One thing to keep in mind--all these patients are VERY used to people spending lots of time just talking to them - it's a big part of their therapy. So don't feel awkward! They're expecting you to ask to talk to them.
I agree that in the beginning it can be easier to sit down and play a game with them. Maybe an easy card game, where you don't have to think too much, and can talk as you play.
Another thing I found works well is drawing. Sit down with someone (or even a group) and ask "Do you want to draw with me for a little while?" Ask them, "Draw the animal you would be if you could be an animal." You'll get some really interesting animals, and when you talk to them about why they chose them, many will really start opening up - at least, that's what I found when I tried it.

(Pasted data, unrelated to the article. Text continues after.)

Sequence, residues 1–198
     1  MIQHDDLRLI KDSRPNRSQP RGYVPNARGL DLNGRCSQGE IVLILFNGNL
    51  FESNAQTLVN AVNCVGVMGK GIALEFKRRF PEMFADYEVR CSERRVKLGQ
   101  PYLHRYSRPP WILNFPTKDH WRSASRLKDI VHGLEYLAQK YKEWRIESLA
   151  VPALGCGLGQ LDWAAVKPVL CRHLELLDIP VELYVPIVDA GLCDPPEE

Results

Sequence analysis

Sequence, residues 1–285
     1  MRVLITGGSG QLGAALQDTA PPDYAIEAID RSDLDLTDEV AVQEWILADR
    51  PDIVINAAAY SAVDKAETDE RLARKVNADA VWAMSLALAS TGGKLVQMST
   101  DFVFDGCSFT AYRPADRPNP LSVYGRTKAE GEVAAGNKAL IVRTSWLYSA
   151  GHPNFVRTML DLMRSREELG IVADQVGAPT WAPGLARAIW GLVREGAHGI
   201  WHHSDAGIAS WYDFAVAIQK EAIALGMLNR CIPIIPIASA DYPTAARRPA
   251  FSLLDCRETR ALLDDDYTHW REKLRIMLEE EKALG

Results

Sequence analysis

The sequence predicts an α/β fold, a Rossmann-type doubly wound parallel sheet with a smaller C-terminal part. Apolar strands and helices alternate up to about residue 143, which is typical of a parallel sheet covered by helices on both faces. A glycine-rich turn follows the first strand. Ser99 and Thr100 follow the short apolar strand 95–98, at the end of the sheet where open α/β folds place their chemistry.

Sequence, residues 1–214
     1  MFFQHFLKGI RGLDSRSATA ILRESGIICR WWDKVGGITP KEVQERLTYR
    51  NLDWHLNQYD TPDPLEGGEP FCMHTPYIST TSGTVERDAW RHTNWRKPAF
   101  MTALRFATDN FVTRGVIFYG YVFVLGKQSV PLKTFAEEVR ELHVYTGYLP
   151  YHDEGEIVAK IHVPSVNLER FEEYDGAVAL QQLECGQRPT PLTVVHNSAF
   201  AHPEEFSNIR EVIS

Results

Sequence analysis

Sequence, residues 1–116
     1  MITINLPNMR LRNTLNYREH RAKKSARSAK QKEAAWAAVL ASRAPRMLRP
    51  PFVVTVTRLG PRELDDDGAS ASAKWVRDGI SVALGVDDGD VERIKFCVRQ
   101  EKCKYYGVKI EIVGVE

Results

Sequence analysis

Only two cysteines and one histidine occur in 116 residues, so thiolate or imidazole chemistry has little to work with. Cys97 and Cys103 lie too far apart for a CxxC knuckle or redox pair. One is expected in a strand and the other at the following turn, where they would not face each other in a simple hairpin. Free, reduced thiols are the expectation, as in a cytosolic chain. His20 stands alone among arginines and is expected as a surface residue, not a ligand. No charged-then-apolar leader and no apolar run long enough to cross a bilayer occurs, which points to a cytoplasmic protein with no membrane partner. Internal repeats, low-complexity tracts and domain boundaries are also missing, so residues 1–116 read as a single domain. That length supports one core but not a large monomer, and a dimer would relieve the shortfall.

Surprisingly, another thing that really worked for me was this. During some "down time" when patients are just relaxing, go up to a small group, introduce yourself, and say, "Would anyone like to chat with me for a little while?" You will almost always get at least one person who really wants to talk - sometimes more, and then you have to ask them to take turns!
I know that normally you are assigned one patient to work with, but once you have talked with them for a little while, just make sure that your instructor is ok with you talking to other patients. It shows initiative on your part, and plus, it's easier for you to talk with someone who really wants to talk to you.